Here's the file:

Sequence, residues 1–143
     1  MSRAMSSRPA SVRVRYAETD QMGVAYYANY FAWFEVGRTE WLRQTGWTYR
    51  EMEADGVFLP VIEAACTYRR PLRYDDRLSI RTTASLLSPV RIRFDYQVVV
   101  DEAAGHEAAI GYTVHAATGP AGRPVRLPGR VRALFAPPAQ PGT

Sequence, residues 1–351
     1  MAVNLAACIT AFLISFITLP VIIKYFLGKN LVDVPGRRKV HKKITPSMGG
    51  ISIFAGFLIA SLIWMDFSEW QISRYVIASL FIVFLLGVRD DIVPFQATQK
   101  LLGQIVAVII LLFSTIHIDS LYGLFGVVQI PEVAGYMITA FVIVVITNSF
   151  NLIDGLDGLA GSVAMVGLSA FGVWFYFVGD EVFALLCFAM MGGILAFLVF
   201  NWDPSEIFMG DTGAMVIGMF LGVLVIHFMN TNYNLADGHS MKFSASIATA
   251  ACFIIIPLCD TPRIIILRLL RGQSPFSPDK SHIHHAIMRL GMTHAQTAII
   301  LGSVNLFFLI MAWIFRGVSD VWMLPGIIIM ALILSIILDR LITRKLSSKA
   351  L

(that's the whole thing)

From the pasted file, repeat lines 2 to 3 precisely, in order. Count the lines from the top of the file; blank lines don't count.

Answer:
     1  MSRAMSSRPA SVRVRYAETD QMGVAYYANY FAWFEVGRTE WLRQTGWTYR
    51  EMEADGVFLP VIEAACTYRR PLRYDDRLSI RTTASLLSPV RIRFDYQVVV